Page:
What can we predict? The role of advanced analytics in reducing readmissions

Sept. 26, 2014

IT is not the only thing on the move. As the health industry moves toward accountable care, healthcare reform forces new efficiencies. As consumers become more engaged in the healthcare process than ever, providers are working to manage increased risk and positively impact the patient care outcomes of large populations. The opportunities are rich – but the penalties are harsh.

For example, in October 2012, the Centers for Medicare and Medicaid Services (CMS) established the Hospital Readmissions Reduction Program, reducing payments to hospitals with excessive 30-day readmissions for acute myocardial infarction, heart failure, and pneumonia. For FY 2015, CMS has proposed the addition of two new conditions:  chronic obstructive pulmonary disease and total hip arthroplasty/total knee arthroplasty – with a suggested maximum penalty for readmissions of three percent.

To successfully reduce readmissions, providers need new advanced analytics/predictive modeling capabilities that most do not have today.

The real cost of readmissions

The expense associated with readmissions has become an issue on its own:  the readmission of Medicare patients in 2013 alone costs well over $20 billion[1]. As a result, the reaction from hospital executives – the key IT stakeholders – has been swift, as they search for analytics tools that can forecast penalty risk.

Until now, healthcare IT organizations have been steadily moving along a maturity curve – from historical reporting from disparate data sources to more advanced business intelligence capabilities.  Traditional Business Intelligence (BI) provides executives with retrospective capabilities, but does not include the predictive analytics capabilities needed to calculate and mitigate future risk. Risk mitigation and performance prediction require new skills, technologies, third-party data, and an agile capability to optimize performance-related patient outcomes.

The next level of sophistication is advanced analytics, which provides predictive capabilities to answer “Why?” and “What will happen next?”

Due to accountable care risk demands, providers are working to adopt advanced analytics at an accelerated pace. At the high end of BI capabilities, advanced analytics are loosely defined as moving beyond basic BI capabilities toward forecasting and predicting future outcomes.

What exactly can healthcare IT organizations do with the benefits of advanced analytics?

  • Prioritize – Which conditions should be targeted for readmission prevention?
  • Target – Identify patients who are at risk on a daily basis, but also determine those who are most open to readmission prevention;
  • Initiate – Move from a reactive model to a proactive readmission prevention model;
  • Customize – Care isn’t one-size-fits-all.  Provide individualized readmission prevention services;
  • Analyze – What works and what doesn’t?

Healthcare IT departments must pull all of the fragments of data together across a wide variety of disparate legacy systems. These efforts are complicated by the number of acquisitions and consolidations across the industry. Most providers have one or more Electronic Medical Record (EMR) systems, a host of legacy applications, and the need to integrate third-party data (comparative performance measures, public health data, research partners, etc.).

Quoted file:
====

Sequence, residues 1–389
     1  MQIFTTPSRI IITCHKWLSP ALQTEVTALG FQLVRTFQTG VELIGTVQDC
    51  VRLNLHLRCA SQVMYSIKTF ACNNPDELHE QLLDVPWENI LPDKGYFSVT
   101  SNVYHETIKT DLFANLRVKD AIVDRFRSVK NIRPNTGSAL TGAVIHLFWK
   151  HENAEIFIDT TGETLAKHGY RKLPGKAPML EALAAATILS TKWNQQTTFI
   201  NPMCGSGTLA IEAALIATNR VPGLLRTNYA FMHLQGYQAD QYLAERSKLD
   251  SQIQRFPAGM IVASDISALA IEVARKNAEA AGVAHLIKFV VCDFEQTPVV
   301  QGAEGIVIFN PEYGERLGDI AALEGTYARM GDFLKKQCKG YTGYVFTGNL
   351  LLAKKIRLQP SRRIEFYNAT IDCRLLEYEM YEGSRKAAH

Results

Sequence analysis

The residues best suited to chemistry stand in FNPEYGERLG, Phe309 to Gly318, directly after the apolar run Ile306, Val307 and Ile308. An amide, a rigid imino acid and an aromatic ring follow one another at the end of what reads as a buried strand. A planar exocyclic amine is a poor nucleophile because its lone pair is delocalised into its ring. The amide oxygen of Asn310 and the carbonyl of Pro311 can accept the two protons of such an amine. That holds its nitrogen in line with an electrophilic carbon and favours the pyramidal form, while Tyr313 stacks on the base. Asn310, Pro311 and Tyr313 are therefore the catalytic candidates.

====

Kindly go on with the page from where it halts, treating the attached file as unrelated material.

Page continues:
Beyond hospital walls

Reducing hospital readmissions and incorporating advanced analytics requires collaboration – enter Big Data. Big Data is more than large volumes of data; it is a new set of technologies and techniques that support the processing of large volumes of different types of data for analytic insight that was not possible a few years ago.

Big Data can be characterized by four “V”s:

  • Variety – Most of the world’s data is unstructured.  Big Data technologies allow the analysis and joining of data of different types (files, images, voice notes, etc.)
  • Volume – Vast amounts of data are generated every second.  Not talking Terabytes – but Zettabytes or Brontobytes;
  • Velocity – The speed at which new data is generated and the speed at which data moves around;
  • Value – Organizations are able to use analytics from Big Data technologies and generate real results. 

Data science and predictive models

Many organizations are taking a new approach to advanced analytics based on data science.  Data science is an emerging discipline to mine insights from Big Data. Harvard Business Reviewrecently named data scientist as the “sexiest career of the 21st century.” Data science includes, but is not limited to, the ability to: ensure consistency of datasets, create visualizations to aid in understanding data, and build models that, for example, score patients on their likelihood to readmit or provide comparative effectiveness research in order to identify the most effective therapies.

What role does Affordable Care Act play?

The Affordable Care Act (ACA) does more than expand the coverage of health insurance.  Plans to help slow the growth in health costs across the United States are woven into the structure as well, furthering efforts to incorporate cost-reducing practices such as advanced analytics. One of its first targets: the reduction of readmission rates.